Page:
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http://dx.doi.org/10.1097/PGP.0000000000000752DOI Listing
December 2020

Efficacy of the bivalent HPV vaccine against HPV 16/18-associated precancer: long-term follow-up results from the Costa Rica Vaccine Trial.

Lancet Oncol 2020 12;21(12):1643-1652

Division of Cancer Epidemiology and Genetics, National Cancer Institute, National Institutes of Health, Rockville, MD, USA.

Background: Oncogenic human papillomavirus (HPV) infections cause most cases of cervical cancer. Here, we report long-term follow-up results for the Costa Rica Vaccine Trial (publicly funded and initiated before licensure of the HPV vaccines), with the aim of assessing the efficacy of the bivalent HPV vaccine for preventing HPV 16/18-associated cervical intraepithelial neoplasia grade 2 or worse (CIN2+).

Methods: Women aged 18-25 years were enrolled in a randomised, double-blind, controlled trial in Costa Rica, between June 28, 2004, and Dec 21, 2005, designed to assess the efficacy of a bivalent vaccine for the prevention of infection with HPV 16/18 and associated precancerous lesions at the cervix. Participants were randomly assigned (1:1) to receive an HPV 16/18 AS04-adjuvanted vaccine or control hepatitis A vaccine. Vaccines were administered intramuscularly in three 0·5 mL doses at 0, 1, and 6 months and participants were followed up annually for 4 years. After the blinded phase, women in the HPV vaccine group were invited to enrol in the long-term follow-up study, which extended follow-up for 7 additional years. The control group received HPV vaccine and was replaced with a new unvaccinated control group. Women were followed up every 2 years until year 11. Investigators and patients were aware of treatment allocation for the follow-up phase. At each visit, clinicians collected cervical cells from sexually active women for cytology and HPV testing. Women with abnormal cytology were referred to colposcopy, biopsy, and treatment as needed. Women with negative results at the last screening visit (year 11) exited the long-term follow-up study. The analytical cohort for vaccine efficacy included women who were HPV 16/18 DNA-negative at vaccination. The primary outcome of this analysis was defined as histopathologically confirmed CIN2+ or cervical intraepithelial neoplasia grade 3 or worse associated with HPV 16/18 cervical infection detected at colposcopy referral. We calculated vaccine efficacy by year and cumulatively. This long-term follow-up study is registered with ClinicalTrials.gov, NCT00867464.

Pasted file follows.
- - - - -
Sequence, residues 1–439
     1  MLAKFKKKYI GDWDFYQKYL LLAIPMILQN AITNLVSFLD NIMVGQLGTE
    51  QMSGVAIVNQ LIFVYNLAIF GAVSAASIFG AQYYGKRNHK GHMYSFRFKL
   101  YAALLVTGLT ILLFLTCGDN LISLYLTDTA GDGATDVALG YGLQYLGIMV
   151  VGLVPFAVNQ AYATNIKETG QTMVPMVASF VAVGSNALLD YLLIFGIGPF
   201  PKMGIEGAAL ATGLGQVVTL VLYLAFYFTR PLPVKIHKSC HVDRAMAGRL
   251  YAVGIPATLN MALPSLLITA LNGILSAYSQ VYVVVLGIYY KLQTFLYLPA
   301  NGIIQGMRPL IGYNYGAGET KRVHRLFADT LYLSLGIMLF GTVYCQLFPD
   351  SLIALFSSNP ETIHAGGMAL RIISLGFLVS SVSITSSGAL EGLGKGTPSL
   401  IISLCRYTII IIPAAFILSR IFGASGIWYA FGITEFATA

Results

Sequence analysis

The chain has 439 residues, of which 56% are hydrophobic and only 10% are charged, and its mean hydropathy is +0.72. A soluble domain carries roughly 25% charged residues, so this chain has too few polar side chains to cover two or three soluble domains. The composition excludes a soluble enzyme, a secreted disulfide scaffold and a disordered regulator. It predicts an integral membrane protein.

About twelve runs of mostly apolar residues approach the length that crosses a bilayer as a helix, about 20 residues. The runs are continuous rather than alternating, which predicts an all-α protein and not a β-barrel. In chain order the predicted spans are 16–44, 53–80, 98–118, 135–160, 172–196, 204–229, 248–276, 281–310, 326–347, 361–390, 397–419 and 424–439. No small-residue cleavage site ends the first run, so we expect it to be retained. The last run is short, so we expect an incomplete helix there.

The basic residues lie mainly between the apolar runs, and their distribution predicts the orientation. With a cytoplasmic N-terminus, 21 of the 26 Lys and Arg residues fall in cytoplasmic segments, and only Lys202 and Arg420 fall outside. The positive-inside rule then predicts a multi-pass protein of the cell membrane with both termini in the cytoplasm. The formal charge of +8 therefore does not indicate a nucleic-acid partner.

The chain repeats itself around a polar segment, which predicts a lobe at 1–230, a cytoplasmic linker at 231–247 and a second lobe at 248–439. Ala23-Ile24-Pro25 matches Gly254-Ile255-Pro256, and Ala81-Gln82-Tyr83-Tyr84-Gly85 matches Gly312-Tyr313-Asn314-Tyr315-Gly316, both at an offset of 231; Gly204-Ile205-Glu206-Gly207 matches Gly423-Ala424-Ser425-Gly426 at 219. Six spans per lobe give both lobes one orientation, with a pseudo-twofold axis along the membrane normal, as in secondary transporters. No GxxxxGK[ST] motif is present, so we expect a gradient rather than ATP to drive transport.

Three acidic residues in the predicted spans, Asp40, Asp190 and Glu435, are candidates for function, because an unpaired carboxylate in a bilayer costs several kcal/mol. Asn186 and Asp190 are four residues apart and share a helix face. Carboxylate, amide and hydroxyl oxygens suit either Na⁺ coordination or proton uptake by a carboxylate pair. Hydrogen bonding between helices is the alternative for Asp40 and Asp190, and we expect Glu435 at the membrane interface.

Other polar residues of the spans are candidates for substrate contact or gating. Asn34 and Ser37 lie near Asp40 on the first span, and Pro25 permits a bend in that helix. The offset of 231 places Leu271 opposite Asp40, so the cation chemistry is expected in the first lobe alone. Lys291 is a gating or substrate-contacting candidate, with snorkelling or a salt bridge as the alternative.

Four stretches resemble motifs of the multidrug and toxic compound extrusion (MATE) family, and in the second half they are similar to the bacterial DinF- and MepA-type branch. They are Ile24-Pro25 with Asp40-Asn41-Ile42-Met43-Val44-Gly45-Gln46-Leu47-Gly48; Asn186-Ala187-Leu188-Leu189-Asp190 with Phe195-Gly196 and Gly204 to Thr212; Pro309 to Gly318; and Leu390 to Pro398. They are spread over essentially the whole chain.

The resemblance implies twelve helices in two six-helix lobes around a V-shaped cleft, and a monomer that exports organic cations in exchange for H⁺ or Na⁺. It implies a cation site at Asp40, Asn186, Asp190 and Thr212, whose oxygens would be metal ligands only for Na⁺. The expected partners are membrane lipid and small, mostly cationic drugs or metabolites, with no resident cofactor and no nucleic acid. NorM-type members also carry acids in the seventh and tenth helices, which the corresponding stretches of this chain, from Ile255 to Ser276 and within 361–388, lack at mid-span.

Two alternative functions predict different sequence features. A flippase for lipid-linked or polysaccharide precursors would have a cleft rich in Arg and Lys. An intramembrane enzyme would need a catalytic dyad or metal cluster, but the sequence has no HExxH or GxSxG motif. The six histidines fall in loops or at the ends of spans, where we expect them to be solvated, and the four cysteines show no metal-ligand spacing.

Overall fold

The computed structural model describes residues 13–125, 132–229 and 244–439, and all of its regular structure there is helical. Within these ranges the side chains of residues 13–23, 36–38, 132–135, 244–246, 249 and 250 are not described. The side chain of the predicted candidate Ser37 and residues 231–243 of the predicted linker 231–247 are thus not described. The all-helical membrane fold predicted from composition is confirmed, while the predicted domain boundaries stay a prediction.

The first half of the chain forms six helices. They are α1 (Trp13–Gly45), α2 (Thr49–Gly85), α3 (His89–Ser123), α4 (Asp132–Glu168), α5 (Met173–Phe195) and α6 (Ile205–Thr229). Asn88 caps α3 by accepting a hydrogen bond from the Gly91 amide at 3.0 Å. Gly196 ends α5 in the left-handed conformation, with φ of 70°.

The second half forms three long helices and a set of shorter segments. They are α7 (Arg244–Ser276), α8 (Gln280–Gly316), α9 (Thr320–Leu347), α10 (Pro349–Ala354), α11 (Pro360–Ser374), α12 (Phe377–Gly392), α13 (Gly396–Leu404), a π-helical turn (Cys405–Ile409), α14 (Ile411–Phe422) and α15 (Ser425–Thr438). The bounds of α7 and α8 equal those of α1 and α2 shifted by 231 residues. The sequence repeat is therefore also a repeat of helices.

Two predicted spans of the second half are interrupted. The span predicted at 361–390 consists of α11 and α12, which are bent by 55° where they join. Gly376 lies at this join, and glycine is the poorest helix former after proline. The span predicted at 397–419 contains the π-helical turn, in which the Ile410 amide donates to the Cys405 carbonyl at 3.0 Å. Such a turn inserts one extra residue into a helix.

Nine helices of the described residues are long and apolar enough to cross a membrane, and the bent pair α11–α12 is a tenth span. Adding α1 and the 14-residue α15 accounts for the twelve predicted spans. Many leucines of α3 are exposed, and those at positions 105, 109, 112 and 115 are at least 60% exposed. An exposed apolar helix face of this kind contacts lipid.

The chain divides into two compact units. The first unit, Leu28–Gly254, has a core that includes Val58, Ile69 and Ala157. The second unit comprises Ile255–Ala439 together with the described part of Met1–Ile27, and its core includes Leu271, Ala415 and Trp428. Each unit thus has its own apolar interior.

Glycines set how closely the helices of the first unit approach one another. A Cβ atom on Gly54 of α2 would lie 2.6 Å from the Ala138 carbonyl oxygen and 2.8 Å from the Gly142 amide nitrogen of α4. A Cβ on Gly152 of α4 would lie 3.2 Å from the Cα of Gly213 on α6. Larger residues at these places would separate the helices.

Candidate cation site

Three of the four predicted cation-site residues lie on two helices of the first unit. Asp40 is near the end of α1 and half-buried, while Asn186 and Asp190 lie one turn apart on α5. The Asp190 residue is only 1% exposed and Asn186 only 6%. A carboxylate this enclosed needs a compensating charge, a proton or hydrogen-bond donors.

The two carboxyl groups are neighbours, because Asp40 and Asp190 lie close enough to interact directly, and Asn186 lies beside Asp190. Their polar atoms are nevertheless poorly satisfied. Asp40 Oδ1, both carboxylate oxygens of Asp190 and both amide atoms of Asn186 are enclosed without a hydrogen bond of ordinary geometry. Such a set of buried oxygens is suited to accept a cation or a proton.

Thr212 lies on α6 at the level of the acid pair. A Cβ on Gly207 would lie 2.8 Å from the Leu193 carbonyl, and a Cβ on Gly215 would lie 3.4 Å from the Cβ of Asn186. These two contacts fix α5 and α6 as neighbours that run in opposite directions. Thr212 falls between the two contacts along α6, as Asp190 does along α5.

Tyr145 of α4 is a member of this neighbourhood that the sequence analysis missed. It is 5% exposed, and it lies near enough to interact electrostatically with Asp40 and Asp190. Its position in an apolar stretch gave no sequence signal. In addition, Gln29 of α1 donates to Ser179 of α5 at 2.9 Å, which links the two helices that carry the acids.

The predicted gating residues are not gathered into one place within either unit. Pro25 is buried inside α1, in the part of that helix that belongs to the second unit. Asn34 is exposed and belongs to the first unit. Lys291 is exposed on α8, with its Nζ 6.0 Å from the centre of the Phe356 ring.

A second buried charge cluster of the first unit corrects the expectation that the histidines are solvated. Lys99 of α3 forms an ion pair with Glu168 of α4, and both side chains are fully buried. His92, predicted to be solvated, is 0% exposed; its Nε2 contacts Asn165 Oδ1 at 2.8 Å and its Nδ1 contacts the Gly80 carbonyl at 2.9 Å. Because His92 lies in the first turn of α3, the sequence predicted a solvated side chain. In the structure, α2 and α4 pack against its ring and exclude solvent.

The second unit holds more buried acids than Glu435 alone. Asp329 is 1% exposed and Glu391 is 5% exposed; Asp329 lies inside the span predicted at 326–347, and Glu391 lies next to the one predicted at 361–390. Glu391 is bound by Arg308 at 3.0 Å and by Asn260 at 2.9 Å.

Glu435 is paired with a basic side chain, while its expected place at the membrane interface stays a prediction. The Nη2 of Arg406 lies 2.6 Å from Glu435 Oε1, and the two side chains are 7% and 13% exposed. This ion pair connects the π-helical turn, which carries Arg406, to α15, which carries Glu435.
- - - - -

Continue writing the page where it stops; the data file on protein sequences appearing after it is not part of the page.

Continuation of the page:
Findings: 7466 women were enrolled in the Costa Rica Vaccine Trial; 3727 received the HPV vaccine and 3739 received the control vaccine. Between March 30, 2009, and July 5, 2012, 2635 women in the HPV vaccine group and 2836 women in the new unvaccinated control group were enrolled in the long-term follow-up study. 2635 women in the HPV vaccine group and 2677 women in the control group were included in the analysis cohort for years 0-4, and 2073 women from the HPV vaccine group and 2530 women from the new unvaccinated control group were included in the analysis cohort for years 7-11. Median follow-up time for the HPV group was 11·1 years (IQR 9·1-11·7), 4·6 years (4·3-5·3) for the original control group, and 6·2 years (5·5-6·9) for the new unvaccinated control group. At year 11, vaccine efficacy against incident HPV 16/18-associated CIN2+ was 100% (95% CI 89·2-100·0); 34 (1·5%) of 2233 unvaccinated women had a CIN2+ outcome compared with none of 1913 women in the HPV group. Cumulative vaccine efficacy against HPV 16/18-associated CIN2+ over the 11-year period was 97·4% (95% CI 88·0-99·6). Similar protection was observed against HPV 16/18-associated CIN3-specifically at year 11, vaccine efficacy was 100% (95% CI 78·8-100·0) and cumulative vaccine efficacy was 94·9% (73·7-99·4). During the long-term follow-up, no serious adverse events occurred that were deemed related to the HPV vaccine. The most common grade 3 or worse serious adverse events were pregnancy, puerperium, and perinatal conditions (in 255 [10%] of 2530 women in the unvaccinated control group and 201 [10%] of 2073 women in the HPV vaccine group). Four women in the unvaccinated control group and three in the HPV vaccine group died; no deaths were deemed to be related to the HPV vaccine.

Interpretation: The bivalent HPV vaccine has high efficacy against HPV 16/18-associated precancer for more than a decade after initial vaccination, supporting the notion that invasive cervical cancer is preventable.

Funding: US National Cancer Institute.
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http://dx.doi.org/10.1016/S1470-2045(20)30524-6DOI Listing
December 2020